Being right, also on the Internet
January 25th, 2013 by ravi

This week’s episode of Men in Tech Behaving Badly is the case of Heather Arthur, whose work was mocked and ridiculed on Twitter, prompting her to post a calm analysis and raise the very pertinent question of the effect such ridicule might have on entrants to the Open Source movement and their confidence in publishing code.

While many of those involved in the Twitter thread have been quick to unconditionally apologise, one person, David Cramer, found a different lesson in the episode. In a post titled “Being Wrong on the Internet”, he writes:

To people like Heather, criticism (good and bad) comes every day. It doesn’t matter what kind of person you are, and it doesn’t matter if you can handle it or not. It’s going to be there. Open source doesn’t change that. In fact, no ecosystem in society changes that. It’s there, and it’s not something everyone can deal with. [Emphasis added]

It seems to me that there is in fact one ecosystem in society, namely the real flesh and blood society itself, where bad criticism is considered inadmissible and the inability of a person to “deal with” merely holds a mirror on the ecosystem’s inability to prevent it.

Two days ago, in an unrelated bit of news, Alan Cox announced he is leaving GNU/Linux development:

I’m leaving the Linux world and Intel for a bit for family reasons. I’m aware that “family reasons” is usually management speak for “I think the boss is an asshole” but I’d like to assure everyone that while I frequently think Linus is an asshole (and therefore very good as kernel dictator)…

The doublespeak of some making a macho1 virtue out of asshole’ishness, while simultaneously, others pay lip service to the importance of encouragement and civility is incoherent.

It might be worthwhile to either establish the claim that “asshole dictator[s]” are a necessary and good thing or to accept that uncivil and antisocial behaviour is unacceptable independent of realities or authority.

  1. This is decidedly a primarily male thing. For another bit of evidence, read Pam Selle’s blog post on Why you shouldn’t invite Yehuda Katz to your user group meeting.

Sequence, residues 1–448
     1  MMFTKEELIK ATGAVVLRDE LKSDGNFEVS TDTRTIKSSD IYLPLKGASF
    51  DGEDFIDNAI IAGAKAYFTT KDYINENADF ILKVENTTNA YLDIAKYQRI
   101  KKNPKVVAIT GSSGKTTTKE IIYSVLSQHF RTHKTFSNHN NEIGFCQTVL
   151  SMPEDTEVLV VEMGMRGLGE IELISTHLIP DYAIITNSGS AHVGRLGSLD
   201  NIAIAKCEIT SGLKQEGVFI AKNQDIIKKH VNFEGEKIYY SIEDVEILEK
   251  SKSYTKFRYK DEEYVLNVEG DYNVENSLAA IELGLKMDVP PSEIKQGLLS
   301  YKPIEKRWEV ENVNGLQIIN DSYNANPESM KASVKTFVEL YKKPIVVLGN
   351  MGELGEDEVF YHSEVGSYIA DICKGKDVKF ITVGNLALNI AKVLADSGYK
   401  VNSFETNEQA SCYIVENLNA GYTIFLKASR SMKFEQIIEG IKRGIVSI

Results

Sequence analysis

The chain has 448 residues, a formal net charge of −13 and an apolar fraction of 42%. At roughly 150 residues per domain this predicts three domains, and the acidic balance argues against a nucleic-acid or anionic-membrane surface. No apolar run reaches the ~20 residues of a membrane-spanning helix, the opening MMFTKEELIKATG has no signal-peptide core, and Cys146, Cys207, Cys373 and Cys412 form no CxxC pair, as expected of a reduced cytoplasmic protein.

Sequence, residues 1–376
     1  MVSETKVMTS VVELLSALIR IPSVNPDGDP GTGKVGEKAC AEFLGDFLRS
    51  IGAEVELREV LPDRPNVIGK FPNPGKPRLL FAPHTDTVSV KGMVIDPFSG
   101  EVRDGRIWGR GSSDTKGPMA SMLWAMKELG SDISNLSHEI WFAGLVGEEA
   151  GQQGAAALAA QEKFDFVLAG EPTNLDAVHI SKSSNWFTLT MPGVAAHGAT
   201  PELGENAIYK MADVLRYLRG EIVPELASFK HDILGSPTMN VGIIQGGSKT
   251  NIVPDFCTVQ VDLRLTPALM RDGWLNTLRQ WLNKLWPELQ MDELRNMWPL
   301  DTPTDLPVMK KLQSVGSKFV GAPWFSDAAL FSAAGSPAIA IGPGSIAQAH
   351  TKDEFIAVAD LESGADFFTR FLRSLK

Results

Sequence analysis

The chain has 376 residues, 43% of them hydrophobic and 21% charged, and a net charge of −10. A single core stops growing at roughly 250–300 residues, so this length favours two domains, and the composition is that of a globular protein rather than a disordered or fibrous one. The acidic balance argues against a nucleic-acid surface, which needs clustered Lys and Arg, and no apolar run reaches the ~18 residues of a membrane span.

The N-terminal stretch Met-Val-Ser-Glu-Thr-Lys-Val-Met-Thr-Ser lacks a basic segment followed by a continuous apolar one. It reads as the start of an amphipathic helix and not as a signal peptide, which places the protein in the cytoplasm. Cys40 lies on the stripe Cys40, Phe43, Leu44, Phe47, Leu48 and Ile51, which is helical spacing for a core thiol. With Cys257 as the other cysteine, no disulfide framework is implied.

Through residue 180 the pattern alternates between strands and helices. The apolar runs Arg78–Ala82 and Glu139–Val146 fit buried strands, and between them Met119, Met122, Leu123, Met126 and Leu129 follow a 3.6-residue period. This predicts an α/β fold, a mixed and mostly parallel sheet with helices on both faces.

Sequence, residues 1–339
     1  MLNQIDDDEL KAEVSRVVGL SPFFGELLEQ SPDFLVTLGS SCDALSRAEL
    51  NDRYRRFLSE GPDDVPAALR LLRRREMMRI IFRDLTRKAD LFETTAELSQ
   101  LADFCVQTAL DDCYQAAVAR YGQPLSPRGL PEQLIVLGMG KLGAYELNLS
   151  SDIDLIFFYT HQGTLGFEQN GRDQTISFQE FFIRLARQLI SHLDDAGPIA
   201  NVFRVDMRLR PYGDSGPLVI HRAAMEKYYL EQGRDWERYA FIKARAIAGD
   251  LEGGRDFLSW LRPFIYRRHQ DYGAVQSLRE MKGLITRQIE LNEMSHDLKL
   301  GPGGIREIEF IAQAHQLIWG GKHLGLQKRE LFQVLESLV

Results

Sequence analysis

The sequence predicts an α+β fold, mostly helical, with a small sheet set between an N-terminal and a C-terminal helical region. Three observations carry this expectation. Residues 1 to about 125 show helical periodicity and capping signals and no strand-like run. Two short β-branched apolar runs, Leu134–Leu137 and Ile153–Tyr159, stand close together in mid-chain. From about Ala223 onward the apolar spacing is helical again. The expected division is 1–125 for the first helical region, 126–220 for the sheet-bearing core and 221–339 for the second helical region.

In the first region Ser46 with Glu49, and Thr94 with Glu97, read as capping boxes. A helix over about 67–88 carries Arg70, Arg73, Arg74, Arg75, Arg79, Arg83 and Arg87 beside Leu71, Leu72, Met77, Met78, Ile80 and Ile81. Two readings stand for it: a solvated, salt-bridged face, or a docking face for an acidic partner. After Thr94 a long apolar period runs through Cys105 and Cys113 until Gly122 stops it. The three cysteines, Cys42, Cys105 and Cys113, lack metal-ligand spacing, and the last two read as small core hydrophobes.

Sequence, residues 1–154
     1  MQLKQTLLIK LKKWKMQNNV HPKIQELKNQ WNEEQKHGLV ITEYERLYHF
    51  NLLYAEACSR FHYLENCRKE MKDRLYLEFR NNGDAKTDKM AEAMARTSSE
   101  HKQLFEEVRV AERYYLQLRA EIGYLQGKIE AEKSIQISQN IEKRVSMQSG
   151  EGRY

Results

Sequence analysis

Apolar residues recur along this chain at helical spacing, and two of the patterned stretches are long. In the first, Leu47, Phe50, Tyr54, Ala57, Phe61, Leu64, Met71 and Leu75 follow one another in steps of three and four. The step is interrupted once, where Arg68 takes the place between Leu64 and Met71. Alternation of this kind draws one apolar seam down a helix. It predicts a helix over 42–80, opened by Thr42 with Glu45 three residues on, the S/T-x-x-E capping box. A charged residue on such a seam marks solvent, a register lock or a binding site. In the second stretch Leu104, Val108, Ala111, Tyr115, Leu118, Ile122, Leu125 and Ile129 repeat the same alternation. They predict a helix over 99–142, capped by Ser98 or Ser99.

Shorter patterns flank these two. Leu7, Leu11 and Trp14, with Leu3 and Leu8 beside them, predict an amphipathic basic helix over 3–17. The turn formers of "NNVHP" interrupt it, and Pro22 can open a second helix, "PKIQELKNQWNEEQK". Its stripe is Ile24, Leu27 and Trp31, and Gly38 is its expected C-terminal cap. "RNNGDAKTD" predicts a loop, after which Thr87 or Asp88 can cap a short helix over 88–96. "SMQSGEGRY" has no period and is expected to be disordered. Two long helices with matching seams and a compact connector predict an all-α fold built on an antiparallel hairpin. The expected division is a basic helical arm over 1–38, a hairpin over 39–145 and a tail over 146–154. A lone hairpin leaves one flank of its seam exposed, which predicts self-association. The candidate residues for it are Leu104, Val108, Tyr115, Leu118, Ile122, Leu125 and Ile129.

3 Responses  
  • kelley writes:

    that is a good point. i mean, i guess i skimmed to quickly, but i didn’t see where heather emphasized how, i dunno, wrong it is to criticize the way they did in terms of open source ideals in particular. it has to do with the assumption of corrigibility. the idea that no one makes anything perfectly, that it’s impossible to write perfect code, and this is why you need it to be open source – it’s fundamental to the ethos. so, to criticize people in such harmful ways is completely contrary to that ethos.

    as for meatspace being a place where such criticisms is quickly banished – are you saying that? i wasn’t sure.

    • ravi writes:

      Kelley, yes excellent point about the ethos of Open Source. I did not even get into that, but it is central to the criticism. I do not think Heather gets into that either. But do most open source adherents and contributors even see that? I tend to believe that the mood is a mostly unexamined combination of libertarianism and received [religious and social] niceties.

      Re: meatspace, yes, I am sort of saying that. While meatspace is not perfect, a lot of the ugliness that is tolerated, defended and even glorified (as in it being a necessary element of progress), especially from the “dictators for life”, would draw a strong negative response in meatspace (the link I pointed to at the end is an example of real life bad behaviour, so the geek/macho stuff is leaking into the real world; and non-geek examples are available, but overall, IMHO, society hangs together because in large part these considerations hold).

  • kelley writes:

    need to post again so i’m subbed by email


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